As the proverb on my home page reads, “just when the caterpillar thought the world was over, it became a butterfly”. I’m still in the process of becoming a butterfly.

Thank you, Dear Readers, for your continued prayers, love, and light. They are so very appreciated. We’re Boston-bound later this week for a transplant check-up and a breathing test (it’s standard procedure; I am not worried about my lungs, nor are my doctors). Please continue to send positive thoughts, though; as some of you know, Massachusetts’ traffic can be daunting. Thank you, thank you, thank you.

 

With Love,

Laura

All of The Feels

It’s 4:36am, to be exact.

And, it’s time to be honest.

I shield the people I care about—including you, Dear Readers—from a lot of what I feel and live with on a daily basis. I don’t like people worrying about me; I certainly don’t want pity. I just want my life back…which…having survived cancer when I was in my early twenties, I know is impossible.

You can’t go back.

The setting for ‘normal’ has changed. Forever.

Of course, this isn’t a rule that applies to everyone. There are survivors that accomplish amazing feats after treatment ends. Sometimes those achievements occur in the world of work. Sometimes it’s on the side of a mountain. Sometimes, they emerge from the cancer world happy, healthy, and stronger.

But not me. Not right now, anyways.

I only hinted at this in my last post, but my heart is currently broken. My transplant anniversary is quickly approaching and, by most standards and available literature, my immune system should be ready to go at that point.

The hard truth is, my immune system won’t be ready.

I’m still on too many immunosuppressants for my system to come back on time. It is currently impossible for me to be taken off of these medications as my borrowed bone marrow and my body don’t get along like they should. To take away the anti-rejection drug or the steroids (both immunosuppressants), I would become infested with Graft vs. Host Disease (GVHD). It has happened nearly every time that my transplant team has tried to taper me off of these medications.

So, what does that mean?

My transplant anniversary, September 21st (also known as my “1st birthday”), is not going to be the magical day that I had so foolishly hoped for. All of this time—the entirety of 2017 and 2018—I’ve been lying to myself. I kept pushing through the appointments, repeating: September. September. Everything will be better in September.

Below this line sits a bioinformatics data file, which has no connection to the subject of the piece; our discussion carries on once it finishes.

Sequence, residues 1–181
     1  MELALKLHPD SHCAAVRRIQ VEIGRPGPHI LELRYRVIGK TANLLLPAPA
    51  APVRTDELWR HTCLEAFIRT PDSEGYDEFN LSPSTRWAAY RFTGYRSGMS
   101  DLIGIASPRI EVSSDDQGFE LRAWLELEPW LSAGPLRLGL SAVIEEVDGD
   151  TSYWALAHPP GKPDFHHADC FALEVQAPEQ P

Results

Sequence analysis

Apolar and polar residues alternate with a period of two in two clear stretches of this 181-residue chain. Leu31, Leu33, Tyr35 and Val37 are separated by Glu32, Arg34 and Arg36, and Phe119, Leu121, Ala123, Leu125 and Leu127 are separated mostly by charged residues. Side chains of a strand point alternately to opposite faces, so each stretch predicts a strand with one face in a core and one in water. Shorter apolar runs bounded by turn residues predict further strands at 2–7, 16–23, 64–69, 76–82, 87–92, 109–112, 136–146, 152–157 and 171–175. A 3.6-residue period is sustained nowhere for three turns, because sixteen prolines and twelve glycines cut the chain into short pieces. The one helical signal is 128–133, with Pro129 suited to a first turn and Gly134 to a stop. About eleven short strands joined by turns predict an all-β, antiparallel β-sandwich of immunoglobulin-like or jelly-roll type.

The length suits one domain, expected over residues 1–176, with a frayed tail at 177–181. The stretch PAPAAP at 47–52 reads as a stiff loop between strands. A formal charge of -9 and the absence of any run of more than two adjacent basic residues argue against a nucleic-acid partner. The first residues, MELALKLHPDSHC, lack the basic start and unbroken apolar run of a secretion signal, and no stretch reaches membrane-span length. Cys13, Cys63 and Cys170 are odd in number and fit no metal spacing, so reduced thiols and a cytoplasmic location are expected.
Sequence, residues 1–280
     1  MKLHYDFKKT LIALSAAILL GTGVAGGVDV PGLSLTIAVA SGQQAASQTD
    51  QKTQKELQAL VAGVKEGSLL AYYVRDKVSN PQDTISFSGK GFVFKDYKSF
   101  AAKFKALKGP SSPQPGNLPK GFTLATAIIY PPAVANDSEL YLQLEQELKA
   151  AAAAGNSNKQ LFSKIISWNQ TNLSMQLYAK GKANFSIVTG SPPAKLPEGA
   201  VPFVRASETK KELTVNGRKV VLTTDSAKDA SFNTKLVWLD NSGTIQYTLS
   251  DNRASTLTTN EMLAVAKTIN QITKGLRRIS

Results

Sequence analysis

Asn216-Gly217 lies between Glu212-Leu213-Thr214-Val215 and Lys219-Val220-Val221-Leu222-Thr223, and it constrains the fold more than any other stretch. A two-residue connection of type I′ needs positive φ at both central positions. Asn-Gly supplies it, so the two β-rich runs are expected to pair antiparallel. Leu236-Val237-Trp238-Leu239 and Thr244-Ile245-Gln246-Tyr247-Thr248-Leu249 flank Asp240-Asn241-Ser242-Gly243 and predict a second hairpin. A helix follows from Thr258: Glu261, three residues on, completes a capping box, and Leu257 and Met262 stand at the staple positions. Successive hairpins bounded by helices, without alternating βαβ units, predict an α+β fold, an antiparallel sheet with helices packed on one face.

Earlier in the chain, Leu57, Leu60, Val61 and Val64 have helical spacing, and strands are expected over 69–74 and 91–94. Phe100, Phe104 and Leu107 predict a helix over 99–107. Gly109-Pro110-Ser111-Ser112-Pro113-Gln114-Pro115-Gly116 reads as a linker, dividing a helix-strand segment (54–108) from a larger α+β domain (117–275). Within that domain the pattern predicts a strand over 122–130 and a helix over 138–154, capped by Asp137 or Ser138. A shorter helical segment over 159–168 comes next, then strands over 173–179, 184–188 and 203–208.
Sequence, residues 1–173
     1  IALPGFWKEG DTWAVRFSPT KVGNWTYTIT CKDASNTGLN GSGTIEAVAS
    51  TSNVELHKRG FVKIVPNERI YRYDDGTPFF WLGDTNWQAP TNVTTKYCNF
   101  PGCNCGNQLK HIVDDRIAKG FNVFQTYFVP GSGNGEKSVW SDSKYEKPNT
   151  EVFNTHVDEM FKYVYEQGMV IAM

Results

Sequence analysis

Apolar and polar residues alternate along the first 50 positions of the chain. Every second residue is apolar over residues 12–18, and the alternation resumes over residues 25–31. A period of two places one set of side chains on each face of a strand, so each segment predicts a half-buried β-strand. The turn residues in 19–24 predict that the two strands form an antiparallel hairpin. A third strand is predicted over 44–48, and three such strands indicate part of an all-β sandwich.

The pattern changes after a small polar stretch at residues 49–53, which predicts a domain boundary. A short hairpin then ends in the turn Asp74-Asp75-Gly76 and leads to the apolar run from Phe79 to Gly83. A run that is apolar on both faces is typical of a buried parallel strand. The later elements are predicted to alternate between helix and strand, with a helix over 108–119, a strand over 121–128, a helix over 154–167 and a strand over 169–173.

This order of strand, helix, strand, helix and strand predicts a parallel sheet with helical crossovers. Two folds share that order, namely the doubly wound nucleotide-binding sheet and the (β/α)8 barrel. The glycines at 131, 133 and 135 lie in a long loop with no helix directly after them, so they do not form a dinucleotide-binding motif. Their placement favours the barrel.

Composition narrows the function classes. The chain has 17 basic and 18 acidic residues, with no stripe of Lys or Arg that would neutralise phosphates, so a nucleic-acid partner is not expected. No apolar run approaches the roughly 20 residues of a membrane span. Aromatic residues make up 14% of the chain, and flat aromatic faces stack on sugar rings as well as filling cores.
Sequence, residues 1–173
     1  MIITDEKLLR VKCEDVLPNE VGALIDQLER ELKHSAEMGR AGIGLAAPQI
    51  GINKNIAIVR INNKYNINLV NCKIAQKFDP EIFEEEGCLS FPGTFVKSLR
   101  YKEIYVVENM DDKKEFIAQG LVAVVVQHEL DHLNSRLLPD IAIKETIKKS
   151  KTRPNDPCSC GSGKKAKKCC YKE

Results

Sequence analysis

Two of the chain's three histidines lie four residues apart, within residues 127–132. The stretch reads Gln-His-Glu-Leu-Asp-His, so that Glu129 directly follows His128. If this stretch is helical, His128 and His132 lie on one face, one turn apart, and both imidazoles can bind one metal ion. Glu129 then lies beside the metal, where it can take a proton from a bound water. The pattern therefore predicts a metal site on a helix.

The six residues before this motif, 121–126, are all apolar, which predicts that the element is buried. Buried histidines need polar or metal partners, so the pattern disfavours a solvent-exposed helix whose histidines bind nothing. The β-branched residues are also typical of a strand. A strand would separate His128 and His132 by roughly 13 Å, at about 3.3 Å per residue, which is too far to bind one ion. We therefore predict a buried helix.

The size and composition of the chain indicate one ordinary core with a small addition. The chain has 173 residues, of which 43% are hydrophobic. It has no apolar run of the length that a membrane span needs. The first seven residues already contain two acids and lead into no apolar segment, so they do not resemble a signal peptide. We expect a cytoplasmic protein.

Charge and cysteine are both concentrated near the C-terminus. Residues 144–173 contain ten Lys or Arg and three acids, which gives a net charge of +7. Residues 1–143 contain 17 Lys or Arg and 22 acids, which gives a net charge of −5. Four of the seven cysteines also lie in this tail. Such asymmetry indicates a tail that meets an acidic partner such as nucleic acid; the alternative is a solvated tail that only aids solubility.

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September isn’t going to change anything for me. I won’t be freed from wearing a surgical mask and gloves in public. The strict dietary rules will continue to be applicable. Worst of all, I won’t be able to live with Alderaan (our cat) until my borrowed marrow and my body decide that they like each other.

All of this hard work, all 14 medications that I take every damn day, all of these appointments—and my immune system isn’t going to be ready.

If this post sounds a bit angry, it is. I can, and I will, blame it on the steroids. It probably also sounds a bit like a pity party—and maybe it is, because I don’t usually acknowledge these emotions—so, now, while I’m still waking up, these feelings are emerging without restraint. I feel defeated. I feel like I’ve lost myself. Who was I before all of this? I don’t know. I can’t remember her.

I suppose…if I have to look on the bright side…this is an opportunity to build a new me—from the ground up. My prayer for the remainder of August, and however many months it takes for my immune system to come back online, is that this extended recovery period ushers in something good. Maybe, just maybe, a fellow ‘slow healer’ will find this post, and won’t feel so alone. Maybe they won’t feel different like I do. Maybe they won’t feel like a failure.